53. The product of the method of claim 36.
54. The product of the method of claim 37.
Description

This invention relates to antioxidants containing a sulfonyl azide moiety, and to a method of protecting polymers by reaction with said antioxidants, as well as to the protected polymers resulting from such method.

The usefulness of antioxidants in protecting polymers is often limited not by their chemical depletion, but by their physical loss either by extraction or volatility. It has been proposed to overcome this by reacting the antioxidant substance with the polymer so that it could not readily be extracted or volatilized. Two methods have been proposed to form chemical bonds between an antioxidant and a polymer. One is direct reaction of the antioxidant, or incipient antioxidant, with a reactive site on the polymer, for example by the opening of an epoxide group with an aromatic amine, or the reaction of a nitroso group with an available allylic hydrogen. However, this technique is not applicable with saturated polymers such as polyethylene or polypropylene. A second method involves the use of a polymerizable monomer which contains an antioxidant group. This type of compound is added in the original polymerization recipe and is incorporated along with the other monomers. The method is limited to polymers prepared via free-radical reactions and is not applicable to produce an EPDM, polyethylene or polypropylene with a bound antioxidant.

Described in this invention are new compositions of matter which, when subjected to elevated temperature of UV light, are, most surprisingly, capable of binding the antioxidant moiety directly to the polymer, provided the polymer contains available carbon-hydrogen bonds. This direct grafting technique relies on the unexpected ability of a "nitrene" species to insert into the carbon-hydrogen bond of the polymer. Polymers treated in this manner are remarkable for their ability to resist aging, even after solvent extraction.

The new antioxidants of the invention, which are suitable for reaction with polymers having available carbon-hydrogen bonds, are compounds containing a sulfonyl azide moiety and have the formula: ##STR1## WHEREIN: R1 is alkyl of from 1 to 12 carbon atoms (preferably 3 to 8 carbon atoms; especially tertiary alkyl), cyclohexyl, alkyl-cyclohexyl (e.g., C7 -C10 alkylcyclohexl), benzyl or alkylbenzyl (e.g., C8 -C11 alkylbenzyl);

R2 is hydrogen or has one of the values assigned to R1, with the proviso that R1 and R2 together have at least 2 carbon atoms;

g has a value from 0 to 5,

X is a divalent bridge member such as --CH2 O--, --CH2 NH--, or ##STR2## m and n are each 1 or 2; and Z is, depending on the values of m and n, a divalent, trivalent or tetravalent group selected from:

a. an alkylene group of from 2 to 5 carbon atoms when each of m and n is 1.

b. a divalent or trivalent benzene group when n is 1 and m is 1 of when m is 1 and n is 2, and

c. a divalent, trivalent or tetravalent group selected from naphthylene, diphenyl ether, and benzene groups when each of m and n is 1 or 2.

Although it is not desired to limit the invention to any particular theory of operation, it appears that the sulfonyl azide antioxidants of the above formula, when subjected to elevated temperature (as during the vulcanization of an elastomer or the molding of a thermoplastic containing such antioxidant) or ultraviolet light, generate a highly reactive species called a nitrene. ##STR3## The nitrene is apparently capable of inserting into a carbon-hydrogen bond in the polymer: ##STR4## The antioxidant is thereby in effect grafted chemically to the polymer to form a reaction product from which the now non-migratory antioxidant cannot readily be extracted or volatilized, unlike conventional antioxidants which are merely physically mixed with the polymer.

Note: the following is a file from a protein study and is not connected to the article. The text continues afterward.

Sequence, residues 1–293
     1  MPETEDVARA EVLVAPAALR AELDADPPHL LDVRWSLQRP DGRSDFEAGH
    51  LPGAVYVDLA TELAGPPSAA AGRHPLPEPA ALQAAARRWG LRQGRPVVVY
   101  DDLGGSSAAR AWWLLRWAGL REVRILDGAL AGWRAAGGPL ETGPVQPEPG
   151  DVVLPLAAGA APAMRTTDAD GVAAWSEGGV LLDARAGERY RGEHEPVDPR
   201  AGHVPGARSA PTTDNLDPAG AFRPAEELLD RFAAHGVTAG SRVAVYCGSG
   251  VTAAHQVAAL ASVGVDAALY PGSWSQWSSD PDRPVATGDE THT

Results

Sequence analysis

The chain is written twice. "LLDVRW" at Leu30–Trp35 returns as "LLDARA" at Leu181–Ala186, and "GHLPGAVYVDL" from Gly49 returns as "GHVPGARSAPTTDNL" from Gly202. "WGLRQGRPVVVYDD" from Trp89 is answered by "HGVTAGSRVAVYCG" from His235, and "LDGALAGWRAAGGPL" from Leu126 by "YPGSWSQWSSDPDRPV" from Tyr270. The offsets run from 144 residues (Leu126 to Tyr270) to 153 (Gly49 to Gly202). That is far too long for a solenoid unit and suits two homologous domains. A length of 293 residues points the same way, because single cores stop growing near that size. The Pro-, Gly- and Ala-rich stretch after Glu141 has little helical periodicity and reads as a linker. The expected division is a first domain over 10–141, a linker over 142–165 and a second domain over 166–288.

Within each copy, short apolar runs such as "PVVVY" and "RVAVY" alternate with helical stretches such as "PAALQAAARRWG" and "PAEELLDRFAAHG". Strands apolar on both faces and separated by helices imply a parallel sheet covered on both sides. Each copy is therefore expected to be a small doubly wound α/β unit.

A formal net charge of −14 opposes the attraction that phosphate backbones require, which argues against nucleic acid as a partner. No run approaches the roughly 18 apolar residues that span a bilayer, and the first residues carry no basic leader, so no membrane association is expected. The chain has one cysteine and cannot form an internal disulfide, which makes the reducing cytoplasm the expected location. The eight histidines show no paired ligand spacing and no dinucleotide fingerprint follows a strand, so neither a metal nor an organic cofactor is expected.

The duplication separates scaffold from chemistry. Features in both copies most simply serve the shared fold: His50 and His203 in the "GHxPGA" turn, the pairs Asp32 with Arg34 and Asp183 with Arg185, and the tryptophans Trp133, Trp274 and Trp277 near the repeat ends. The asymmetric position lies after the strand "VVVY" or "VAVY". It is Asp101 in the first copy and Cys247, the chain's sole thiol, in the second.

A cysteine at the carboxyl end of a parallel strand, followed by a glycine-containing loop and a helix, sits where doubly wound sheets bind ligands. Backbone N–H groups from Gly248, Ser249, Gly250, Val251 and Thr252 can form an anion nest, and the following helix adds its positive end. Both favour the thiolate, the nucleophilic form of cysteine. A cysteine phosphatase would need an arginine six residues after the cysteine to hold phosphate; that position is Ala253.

The polymers which are protected against deterioration by reaction with the described sulfonyl azide antioxidants in accordance with the invention include all known polymers, having carbon-hydrogen bonds, that are normally subject to oxidative deterioration as by light and/or heat. These include natural and synthetic organic polymeric substances, whether elastomers or plastics, saturated or unsaturated. Mention may be made of the vinyl resins formed from the polymerization of vinyl halides (especially polyvinyl chloride) or from the copolymerization of vinyl halides with unsaturated polymerizable compounds, e.g., vinyl esters, alpha-beta unsaturated aldehydes, and unsaturated hydrocarbons such as butadiene and styrene; poly-alpha-olefins such as polyethylene, polypropylene, polyisobutylene, and the like, including copolymers of poly-alpha-olefinds; polyisoprene; polychloroprene; polychlorohydrin; copolymers of ethylene and propylene (EPM) or of ethylene, propylene and a non-conjugated diene such as 1,4-hexadiene, ethylidene norbornene, dicyclopentadiene or the like (EPDM); polybutadiene; butadiene-styrene copolymer; butadiene-acrylonitrile copolymer; polyurethanes such as those prepared from polyols and organic polyisocyanates; polyamides such as polyhexamethylene terephthalate; polycarbonates; polyacetals; polystyrene; polyethyleneoxide; and copolymers such as those high impact polystyrenes containing butadiene and styrene and polymers formed by graft copolymerization of styrene and acrylonitrile on polybutadiene or butadiene-styrene copolymer (ABS); also graft copolymers of styrene and acrylonitrile on EPM or EPDM; chlorinated rubber, natural rubber, reclaim rubber, butyl rubber, and the like. Other materials stabilized according to the present invention include lubricating oil of the aliphatic ester type, e.g., dihexyl azelate, di-(2-ethylhexyl)azelate, di(3,5,5-trimethylhexyl)glutarate, diisoamyl adipate, pentaerythritol, tetracaproate, triamyl tricarballate, dipropylene glycol dipelargonate, 1,5-pentanediol di-(2-ethylhexanoate), and the like; animal and vegetable derived oils, e.g., linseed oil, fat, tallow, lard, peanut oil, cod liver oil, castor oil, palm oil, corn oil, cotton seed oil and the like; hydrocarbon material such as gasoline, both natural and synthetic, diesel oil, mineral oil, fuel oil, drying oil, cutting fluids, waxes, resins and the like, fatty acids such as soaps; trimethylolpropane tripelargonate, EPT rubber, chlorinated rubber, natural rubber and the like.